The only thing now eating me is, what’s eating you?

My enemy, enemy, how I need my enemy
Oh my enemy, enemy, how I need my enemy

Now we’re just two old men on the brink
Each waiting for the other to blink
If I should lose you, I’d be left with nothing but fate
As I see your life fall apart
I should smile but I don’t have the heart
At the end of the day, it’s still too much effort to hate

My enemy, enemy, how I need my enemy
Oh my enemy, enemy, how I need my enemy 

It may not be coincidental that the next song, Good Things Happen To Bad People comes next – a song of betrayal with a classic arpeggio that leads into a ripping solo guitar at 3.41.

Where’s Home does have the Nashville violin and the Nashville swing but it can’t ruffle Thompson’s schtick. A standard song for an itinerant musician. In the next song that deals with home and the breakdown of a relationship Thompson’s lyrical skills are again realised, turning dark situations into positive outcomes – heartfelt, nerve hitting, almost farcical:

Got her ducks all in a row
Got her bags all packed to go
She’ll find some other poor pilgrim who’s braver
At least she looked me in the eye
With her less than fond goodbye
That’s one small thing in her favour

Got the kids in the car
Dreams will get you just so far
Then life gives you bitter pills to savour
Still she kissed me once more
As she gently slammed the door
That’s another small thing in her favour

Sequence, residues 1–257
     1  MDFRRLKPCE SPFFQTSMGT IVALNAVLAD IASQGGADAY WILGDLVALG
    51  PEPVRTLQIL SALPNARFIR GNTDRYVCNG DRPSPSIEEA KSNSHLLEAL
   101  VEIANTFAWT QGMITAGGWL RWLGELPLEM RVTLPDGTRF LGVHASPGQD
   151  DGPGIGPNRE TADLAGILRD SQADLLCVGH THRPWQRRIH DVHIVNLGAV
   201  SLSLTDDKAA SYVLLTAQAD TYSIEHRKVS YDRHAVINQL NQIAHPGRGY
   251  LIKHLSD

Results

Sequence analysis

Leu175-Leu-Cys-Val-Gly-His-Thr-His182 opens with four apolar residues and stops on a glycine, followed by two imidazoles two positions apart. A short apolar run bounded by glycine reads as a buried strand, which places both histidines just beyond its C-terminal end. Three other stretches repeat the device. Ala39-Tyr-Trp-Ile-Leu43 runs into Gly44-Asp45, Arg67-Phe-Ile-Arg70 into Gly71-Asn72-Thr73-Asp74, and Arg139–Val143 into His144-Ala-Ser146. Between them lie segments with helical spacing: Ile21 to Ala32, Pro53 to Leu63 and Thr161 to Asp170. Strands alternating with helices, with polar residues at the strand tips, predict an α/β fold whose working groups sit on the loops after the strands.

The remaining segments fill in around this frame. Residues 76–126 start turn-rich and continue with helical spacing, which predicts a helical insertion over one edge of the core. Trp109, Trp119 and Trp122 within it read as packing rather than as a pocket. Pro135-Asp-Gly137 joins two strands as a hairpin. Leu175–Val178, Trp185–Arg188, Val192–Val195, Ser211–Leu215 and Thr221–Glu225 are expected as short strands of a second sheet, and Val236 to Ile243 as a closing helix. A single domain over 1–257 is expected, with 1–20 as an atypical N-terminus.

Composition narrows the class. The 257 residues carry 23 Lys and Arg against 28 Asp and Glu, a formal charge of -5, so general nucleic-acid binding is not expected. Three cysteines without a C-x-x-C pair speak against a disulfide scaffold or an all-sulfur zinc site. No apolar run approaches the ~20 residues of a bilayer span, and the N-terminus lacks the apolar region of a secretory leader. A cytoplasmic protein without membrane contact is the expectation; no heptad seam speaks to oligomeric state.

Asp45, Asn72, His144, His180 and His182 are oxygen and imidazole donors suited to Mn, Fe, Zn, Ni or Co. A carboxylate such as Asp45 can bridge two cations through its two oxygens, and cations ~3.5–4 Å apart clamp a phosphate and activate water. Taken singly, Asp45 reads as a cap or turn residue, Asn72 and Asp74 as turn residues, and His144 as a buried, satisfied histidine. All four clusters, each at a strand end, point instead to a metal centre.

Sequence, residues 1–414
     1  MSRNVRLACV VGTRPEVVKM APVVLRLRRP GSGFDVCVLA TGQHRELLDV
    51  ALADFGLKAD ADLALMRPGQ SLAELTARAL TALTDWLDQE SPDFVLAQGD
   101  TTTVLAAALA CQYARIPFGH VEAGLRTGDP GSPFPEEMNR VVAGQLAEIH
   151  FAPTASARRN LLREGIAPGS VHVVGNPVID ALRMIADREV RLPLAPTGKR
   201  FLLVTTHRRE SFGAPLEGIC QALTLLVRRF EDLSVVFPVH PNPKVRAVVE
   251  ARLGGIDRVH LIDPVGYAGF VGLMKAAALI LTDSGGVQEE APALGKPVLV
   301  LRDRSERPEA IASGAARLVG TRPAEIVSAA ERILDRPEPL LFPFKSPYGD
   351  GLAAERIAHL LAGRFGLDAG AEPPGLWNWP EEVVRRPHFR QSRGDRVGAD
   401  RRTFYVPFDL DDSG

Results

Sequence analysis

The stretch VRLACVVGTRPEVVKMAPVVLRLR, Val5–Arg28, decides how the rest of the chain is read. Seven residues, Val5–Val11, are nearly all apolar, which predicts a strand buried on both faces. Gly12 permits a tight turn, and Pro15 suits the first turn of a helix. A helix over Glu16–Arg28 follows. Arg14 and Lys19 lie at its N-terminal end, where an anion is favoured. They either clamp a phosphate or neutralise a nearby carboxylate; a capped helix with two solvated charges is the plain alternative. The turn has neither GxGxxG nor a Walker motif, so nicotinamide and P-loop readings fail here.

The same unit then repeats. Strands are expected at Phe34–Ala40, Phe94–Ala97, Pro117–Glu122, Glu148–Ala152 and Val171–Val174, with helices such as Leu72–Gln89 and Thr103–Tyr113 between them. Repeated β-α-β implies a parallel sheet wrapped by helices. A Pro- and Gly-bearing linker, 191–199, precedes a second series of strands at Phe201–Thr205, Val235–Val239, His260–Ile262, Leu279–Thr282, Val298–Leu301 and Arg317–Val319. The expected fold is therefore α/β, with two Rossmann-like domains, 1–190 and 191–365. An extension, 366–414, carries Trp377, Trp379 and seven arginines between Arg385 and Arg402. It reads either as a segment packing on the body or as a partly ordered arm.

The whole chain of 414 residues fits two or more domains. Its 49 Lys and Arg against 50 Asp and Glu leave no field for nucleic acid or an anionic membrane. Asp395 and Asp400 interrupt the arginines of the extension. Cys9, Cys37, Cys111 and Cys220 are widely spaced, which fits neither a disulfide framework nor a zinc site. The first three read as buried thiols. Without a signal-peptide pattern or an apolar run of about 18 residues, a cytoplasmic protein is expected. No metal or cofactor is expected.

She said she felt bad
For the home that we had
And the effort I’d wasted to save her
She told me as much
As she slowly let out the clutch
That’s another small thing in her favour

It’s a slippery slope
To give her more rope
And I didn’t exactly enslave her
And she says I’m still a part
Of her wandering heart
That’s another small thing in her favour

Now there’s trouble and strife
But we once had a life
For a while our vows didn’t waver
I relied on her smile
And her love, for a while
That’s another small thing in her favour

That’s another small thing in her favour

A melody and chord sequence that only he could make work – challenging harmonies. In a interview I saw, he said he listens to classical music – music outside his genre and is interested in the harmonies that he hears (Stravinsky, Shostakovich). Here you hear him using that knowledge.

Straight And Narrow has that ’50s or ’60s dancehall swing that inhabits a side of his music. I wonder if this is a place from where he draws inspiration as in a distant memory, a blurred recollection, like in Ray Davies’ song Come Dancing.

The Snow Goose has Alison Krauss singing backing vocals and again you can’t shake his folk identity even with the Queen of bluegrass on his song. Some unbelievably dark lyrics, that we have grown to expect from him:

Northern winds will cut you
Northern girls will gut you
Leave you cold and empty
Like a fish on the slab

The album ends with the uplifting, Saving The Good Stuff For You and here America meets England in a true Country and Folk hybrid. Thompson has let the Nashville wind waft through the window.

I realise that the power trio of Taras Prodaniuk on bass , Michael Jerome on drums (I saw him play with John Cale) is just an aspect and when Thompson says that he wrote songs for this format, well he also wrote like he normally does as this album shows. Having seen him live many times, met him two or three times and even opened for him once at Slim’s in San Francisco, I am constantly enamoured by his words and melodies his dazzling guitar playing and how he can paint inspiring pictures on the dark soul.